You will also need to eliminate as much of your public parking as possible. If suburban Virginia commuters cannot park in DC, there's no point in hopping in a longer HOT lane. They simply will have nowhere to go.

As someone who lives in Virginia, I apologize for the shortsightedness of our politicians and planners. I hope the DC political and planning establishment will act quickly, preferably before this new tsunami of traffic breaks upon DC's streets.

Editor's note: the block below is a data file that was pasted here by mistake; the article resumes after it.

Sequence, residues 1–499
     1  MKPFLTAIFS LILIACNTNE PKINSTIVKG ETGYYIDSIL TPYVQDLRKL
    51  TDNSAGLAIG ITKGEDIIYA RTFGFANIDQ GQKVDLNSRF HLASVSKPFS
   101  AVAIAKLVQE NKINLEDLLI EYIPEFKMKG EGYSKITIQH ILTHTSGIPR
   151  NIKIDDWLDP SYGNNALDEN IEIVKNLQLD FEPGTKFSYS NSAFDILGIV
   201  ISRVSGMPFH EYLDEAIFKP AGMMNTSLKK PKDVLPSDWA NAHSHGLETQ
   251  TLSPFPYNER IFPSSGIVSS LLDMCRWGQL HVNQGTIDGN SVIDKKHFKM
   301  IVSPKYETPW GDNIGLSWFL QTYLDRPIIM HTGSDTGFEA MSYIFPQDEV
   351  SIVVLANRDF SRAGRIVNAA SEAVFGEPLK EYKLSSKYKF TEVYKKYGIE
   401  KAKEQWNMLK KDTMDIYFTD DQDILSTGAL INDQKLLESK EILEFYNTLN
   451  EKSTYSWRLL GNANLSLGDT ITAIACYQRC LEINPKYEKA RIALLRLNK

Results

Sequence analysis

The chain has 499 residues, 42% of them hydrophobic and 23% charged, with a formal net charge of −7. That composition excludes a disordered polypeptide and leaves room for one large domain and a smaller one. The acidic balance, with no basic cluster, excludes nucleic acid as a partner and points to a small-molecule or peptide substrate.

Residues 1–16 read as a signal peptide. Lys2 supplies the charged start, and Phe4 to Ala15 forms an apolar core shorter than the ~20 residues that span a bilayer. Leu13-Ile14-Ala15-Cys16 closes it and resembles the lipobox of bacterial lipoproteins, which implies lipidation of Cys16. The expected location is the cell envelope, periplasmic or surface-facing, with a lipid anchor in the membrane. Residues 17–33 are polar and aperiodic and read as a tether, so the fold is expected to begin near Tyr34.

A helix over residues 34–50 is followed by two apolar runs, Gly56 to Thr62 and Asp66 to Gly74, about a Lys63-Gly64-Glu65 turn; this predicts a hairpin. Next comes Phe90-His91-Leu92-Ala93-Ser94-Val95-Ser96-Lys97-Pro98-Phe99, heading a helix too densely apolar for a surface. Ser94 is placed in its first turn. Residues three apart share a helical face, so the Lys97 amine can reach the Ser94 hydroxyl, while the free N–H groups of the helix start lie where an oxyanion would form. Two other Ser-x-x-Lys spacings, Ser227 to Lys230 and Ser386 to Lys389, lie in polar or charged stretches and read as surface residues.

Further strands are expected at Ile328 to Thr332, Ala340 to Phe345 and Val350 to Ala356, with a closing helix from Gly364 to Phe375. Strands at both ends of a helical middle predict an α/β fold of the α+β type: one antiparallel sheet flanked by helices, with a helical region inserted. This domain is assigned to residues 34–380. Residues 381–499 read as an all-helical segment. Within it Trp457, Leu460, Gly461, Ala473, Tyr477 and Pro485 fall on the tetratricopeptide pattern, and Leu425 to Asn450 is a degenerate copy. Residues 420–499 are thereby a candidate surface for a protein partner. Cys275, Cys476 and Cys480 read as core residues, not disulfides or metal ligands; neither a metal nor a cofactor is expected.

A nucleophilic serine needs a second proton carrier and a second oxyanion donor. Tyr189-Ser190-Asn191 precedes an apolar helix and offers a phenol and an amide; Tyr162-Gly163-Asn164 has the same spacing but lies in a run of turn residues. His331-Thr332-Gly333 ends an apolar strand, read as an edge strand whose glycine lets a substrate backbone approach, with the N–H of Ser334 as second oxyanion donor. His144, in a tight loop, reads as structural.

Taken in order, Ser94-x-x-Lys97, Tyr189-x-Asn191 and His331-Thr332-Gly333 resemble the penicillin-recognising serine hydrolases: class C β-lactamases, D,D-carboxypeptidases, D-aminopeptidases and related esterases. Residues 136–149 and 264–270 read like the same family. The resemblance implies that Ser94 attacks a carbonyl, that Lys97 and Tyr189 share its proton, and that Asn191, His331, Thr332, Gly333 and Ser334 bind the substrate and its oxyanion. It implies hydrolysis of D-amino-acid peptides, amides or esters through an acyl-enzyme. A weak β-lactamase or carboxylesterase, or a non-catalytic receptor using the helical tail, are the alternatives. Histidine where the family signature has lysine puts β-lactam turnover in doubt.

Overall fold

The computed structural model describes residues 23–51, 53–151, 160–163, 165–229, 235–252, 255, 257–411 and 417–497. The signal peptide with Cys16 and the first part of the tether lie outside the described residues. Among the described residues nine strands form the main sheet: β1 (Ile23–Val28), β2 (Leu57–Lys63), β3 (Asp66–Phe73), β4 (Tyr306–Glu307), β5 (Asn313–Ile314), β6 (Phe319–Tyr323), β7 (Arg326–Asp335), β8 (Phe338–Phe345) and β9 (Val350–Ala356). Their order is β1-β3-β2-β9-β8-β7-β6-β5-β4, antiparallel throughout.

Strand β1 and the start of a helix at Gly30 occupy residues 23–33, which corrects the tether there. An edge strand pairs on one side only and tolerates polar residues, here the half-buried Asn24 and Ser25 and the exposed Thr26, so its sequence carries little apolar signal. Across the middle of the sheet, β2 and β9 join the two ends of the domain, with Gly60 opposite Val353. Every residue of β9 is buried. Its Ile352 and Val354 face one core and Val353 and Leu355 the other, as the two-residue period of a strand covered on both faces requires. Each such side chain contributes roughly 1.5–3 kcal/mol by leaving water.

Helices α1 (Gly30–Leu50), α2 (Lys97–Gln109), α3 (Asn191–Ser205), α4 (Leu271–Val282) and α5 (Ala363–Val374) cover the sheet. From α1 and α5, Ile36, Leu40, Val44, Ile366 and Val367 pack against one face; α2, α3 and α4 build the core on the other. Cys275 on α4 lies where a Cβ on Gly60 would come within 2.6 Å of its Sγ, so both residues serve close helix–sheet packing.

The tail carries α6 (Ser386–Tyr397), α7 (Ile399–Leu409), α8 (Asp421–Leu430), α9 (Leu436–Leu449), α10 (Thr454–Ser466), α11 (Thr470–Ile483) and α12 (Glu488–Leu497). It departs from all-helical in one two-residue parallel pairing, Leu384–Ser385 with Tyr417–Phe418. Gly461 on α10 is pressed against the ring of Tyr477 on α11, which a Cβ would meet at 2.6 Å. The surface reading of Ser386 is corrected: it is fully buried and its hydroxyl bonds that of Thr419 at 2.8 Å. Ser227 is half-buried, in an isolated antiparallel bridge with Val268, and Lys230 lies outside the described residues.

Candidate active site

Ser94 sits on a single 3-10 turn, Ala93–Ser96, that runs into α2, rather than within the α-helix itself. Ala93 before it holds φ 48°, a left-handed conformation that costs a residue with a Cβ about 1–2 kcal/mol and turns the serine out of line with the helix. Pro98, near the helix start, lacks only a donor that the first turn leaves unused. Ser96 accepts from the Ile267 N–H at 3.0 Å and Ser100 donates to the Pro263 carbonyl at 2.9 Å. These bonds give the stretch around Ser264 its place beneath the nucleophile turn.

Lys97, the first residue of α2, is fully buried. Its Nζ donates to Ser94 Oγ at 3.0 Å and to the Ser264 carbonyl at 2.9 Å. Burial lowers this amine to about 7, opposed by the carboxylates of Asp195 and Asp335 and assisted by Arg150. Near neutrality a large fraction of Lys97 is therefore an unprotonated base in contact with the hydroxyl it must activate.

Wednesday, June 1, 2016

Be sure to check out my latest article, Making a Street Safe for All, at the Virginia Bicycle Federation:

Saturday, April 30, 2016

A Road Diet for the George Washington Memorial Parkway

My latest post is available via the Virginia Bicycling Federation. If you have ever biked on the Mount Vernon Trail, you will want to consider this idea. Link: